The word salpan comes from the saying that “if you do well, you will live (salpan), and if you don’t, you will be dead” (jugeulpan). It is also called ttangjaeju, literally meaning talents held on ground. The performers execute various acrobatic feats like somersault diving to attract applause and exclamation from the audience.
Tightrope dancing by namsadang is called eoreum because the nori is as difficult and cautious as walking on thin ice (eoreum means “thin ice” in Korean). The performers or eoreum-sani dances, signs songs, and does aerial stunts on the rope which is tightly fastened 3 meters off the ground as seen in the movie the King and the Clown. The performers also exchanges witty talks with a maehossi on the ground.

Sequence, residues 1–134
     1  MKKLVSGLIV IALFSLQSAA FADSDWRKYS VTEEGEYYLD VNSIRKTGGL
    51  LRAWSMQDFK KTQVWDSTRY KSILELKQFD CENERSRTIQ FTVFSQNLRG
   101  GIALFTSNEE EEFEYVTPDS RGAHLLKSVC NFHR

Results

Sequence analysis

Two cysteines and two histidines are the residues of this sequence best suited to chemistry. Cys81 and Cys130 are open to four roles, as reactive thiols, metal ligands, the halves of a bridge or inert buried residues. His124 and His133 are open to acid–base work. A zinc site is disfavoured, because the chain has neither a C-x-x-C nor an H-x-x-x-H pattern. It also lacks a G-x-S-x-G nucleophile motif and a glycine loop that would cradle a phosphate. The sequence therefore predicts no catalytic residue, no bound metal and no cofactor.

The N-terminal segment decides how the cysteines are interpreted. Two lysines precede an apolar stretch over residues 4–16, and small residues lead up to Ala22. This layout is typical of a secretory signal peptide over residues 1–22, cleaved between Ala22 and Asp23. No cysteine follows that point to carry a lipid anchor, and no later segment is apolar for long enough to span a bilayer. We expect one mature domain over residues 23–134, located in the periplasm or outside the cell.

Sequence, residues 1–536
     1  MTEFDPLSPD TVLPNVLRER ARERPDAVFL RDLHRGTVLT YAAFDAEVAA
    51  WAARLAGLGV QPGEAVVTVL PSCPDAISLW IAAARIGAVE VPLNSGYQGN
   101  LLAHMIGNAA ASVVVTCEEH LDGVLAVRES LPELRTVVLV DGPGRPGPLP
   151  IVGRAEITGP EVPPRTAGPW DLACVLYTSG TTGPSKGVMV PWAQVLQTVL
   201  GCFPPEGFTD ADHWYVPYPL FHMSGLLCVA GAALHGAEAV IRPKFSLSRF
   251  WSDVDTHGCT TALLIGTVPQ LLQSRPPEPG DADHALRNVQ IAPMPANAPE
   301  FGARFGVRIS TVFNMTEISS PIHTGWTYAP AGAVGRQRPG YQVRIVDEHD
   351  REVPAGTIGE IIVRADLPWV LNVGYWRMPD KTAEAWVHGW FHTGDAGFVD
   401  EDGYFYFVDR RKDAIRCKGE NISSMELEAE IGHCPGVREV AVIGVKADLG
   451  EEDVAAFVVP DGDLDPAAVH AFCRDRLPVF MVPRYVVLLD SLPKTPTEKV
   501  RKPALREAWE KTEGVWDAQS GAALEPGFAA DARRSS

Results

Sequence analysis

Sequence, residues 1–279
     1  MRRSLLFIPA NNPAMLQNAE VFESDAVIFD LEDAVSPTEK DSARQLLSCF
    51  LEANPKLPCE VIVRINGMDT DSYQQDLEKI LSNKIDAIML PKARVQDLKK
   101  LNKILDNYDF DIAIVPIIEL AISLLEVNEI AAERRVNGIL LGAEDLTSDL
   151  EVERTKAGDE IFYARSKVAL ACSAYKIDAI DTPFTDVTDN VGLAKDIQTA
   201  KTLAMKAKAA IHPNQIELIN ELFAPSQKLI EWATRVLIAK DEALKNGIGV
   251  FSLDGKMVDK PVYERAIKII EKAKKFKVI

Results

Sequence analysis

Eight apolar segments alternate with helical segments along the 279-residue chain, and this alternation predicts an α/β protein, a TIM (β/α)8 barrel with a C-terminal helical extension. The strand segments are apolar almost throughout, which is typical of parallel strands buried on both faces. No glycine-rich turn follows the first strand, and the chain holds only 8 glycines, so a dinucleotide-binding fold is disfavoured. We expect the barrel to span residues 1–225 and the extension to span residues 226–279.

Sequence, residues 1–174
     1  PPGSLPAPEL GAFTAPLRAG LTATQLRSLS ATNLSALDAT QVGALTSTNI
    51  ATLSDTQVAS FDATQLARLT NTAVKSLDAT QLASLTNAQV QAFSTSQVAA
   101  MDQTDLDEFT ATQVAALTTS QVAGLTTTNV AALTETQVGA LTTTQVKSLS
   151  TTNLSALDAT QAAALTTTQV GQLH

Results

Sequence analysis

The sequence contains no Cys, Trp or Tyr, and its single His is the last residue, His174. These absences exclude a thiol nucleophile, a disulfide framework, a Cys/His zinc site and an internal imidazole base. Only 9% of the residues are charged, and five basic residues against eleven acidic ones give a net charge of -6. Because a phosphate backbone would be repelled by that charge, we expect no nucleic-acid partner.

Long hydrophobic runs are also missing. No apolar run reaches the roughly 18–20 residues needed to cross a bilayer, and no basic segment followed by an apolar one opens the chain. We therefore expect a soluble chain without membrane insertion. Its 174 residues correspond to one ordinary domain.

Deotboegi means “seeing with the mask on”. Generally, this performance has good humor and tendency to tickle the fancy of the public. Deotboegi enjoyed high popularity among the common people. It also contains keen satire on the society and Yangban(noble) class of the Joseon Dynasty.